?Why is informal meeting so important for the West
After a few days of intensive diplomatic efforts, Iran and the European signatories to the 2015 nuclear deal – France, Germany, and the UK (E3) –arrived at an understanding to resolve the outstanding issue surrounding Iran’s cooperation with the International Atomic Energy Agency (IAEA), the second compromise in less than a month.
According to the Thursday understanding, the Europeans agreed to “pause” on their push to adopt a resolution censuring Iran at the IAEA’s board of governors “for now.”
“We have decided to pause on this initiative for now, despite clear support within the IAEA Board of Governors, to allow time for the Director-General to conduct the renewed effort he announced to this Board earlier this week to break the deadlock and to clarify and resolve these issues without further delay. We support the DG’s initiative,” the E3 three said in a statement on Thursday.
The Europeans were referring to the deal Iran struck with the IAEA chief Rafael Grossi on February 21 on continuing cooperation with the UN nuclear watchdog while implementing a nuclear law passed by the Iranian parliament that obligates the government to stop the voluntary implementation of the Additional Protocol to the nuclear Non-Proliferation Treaty (NPT) by February 23 if the West failed to lift oil and banking sanctions on Iran.
By signing a deal with Grossi, Iran gave the West yet another opportunity to salvage the 2015 nuclear deal, formally known as the Joint Comprehensive Plan of Action (JCPOA). However, the Europeans chose to ramp up diplomatic pressures on Iran instead of seizing on Iran’s goodwill gesture. They put forward a resolution against Iran at the Agency’s board and only withdrew it at the last minute after Iran once again chose diplomacy over the escalation of tensions.
The Europeans and their newfound allies in Washington had two main requests: First, they asked Iran to attend an informal meeting with all remaining JCPOA parties and Robert Malley, the U.S. special envoy on Iran. Second, they called on Iran to fully cooperate with the Agency and resume implementing its nuclear commitments under the JCPOA.
Iran rejected the first request, saying that the U.S. must lift sanctions before any such an informal meeting can take place. As regards the second request, Iran has said that it will continue necessary cooperation with the IAEA for the next three months. After that, it will further reduce cooperation if the West fails to lift sanctions.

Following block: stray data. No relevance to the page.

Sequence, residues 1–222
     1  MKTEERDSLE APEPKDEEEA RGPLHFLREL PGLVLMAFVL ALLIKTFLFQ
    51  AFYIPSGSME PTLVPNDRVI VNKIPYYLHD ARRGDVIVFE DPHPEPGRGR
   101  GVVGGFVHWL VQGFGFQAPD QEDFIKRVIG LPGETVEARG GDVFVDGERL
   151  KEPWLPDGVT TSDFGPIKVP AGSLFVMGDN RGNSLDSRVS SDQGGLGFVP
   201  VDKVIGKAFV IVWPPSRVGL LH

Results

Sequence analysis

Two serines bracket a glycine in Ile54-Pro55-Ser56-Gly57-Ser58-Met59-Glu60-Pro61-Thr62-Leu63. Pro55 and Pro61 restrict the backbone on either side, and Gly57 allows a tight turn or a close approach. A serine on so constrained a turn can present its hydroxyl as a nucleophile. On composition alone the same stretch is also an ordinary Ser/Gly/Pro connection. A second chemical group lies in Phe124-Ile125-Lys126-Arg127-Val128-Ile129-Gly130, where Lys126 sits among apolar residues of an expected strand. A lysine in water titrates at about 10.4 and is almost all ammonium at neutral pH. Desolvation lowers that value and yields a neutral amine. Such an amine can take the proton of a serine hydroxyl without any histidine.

After a few weeks of diplomatic efforts, Iran and the West seem to have reached a new understanding concerning these two requests.
Reuters reported on Thursday that Iran has given encouraging signs in recent days about opening informal talks with world powers and the United States.
A French diplomatic source told Reuters that the Europeans are doing everything in their power to hold a meeting between Iran and the U.S. “We are putting all our efforts so that this (meeting) can take place in the days or coming weeks,” the source said.
It is not clear why the Europeans and the Americans are eagerly pushing for a meeting between Iran and the U.S. but observers believe that the meeting would - at least in the short term -enable the Biden administration to brag about its diplomatic deftness in bringing Iran to the negotiating table without lifting sanctions, something that the Trump administration worked its butts off to achieve but miserably failed to.
If true, this means that the Biden administration should move beyond partisan politics and return to common sense before it’s too late. Iran has now proved its goodwill more than once and that the U.S. needs to reciprocate by taking concrete steps that would address Iran’s concerns regarding the sanctions.
Iran has said that the recent development at the IAEA board will pave the way for diplomacy.
“Today's development can maintain the path of diplomacy opened by Iran and the IAEA, and prepare the grounds for the full implementation of commitments by all parties to the JCPOA,” Saeed Khatibzadeh, spokesman for Iran’s Foreign Ministry, said in a statement on Thursday.
Therefore, now it’s up to the U.S. to move beyond hesitations and get back on track of diplomacy.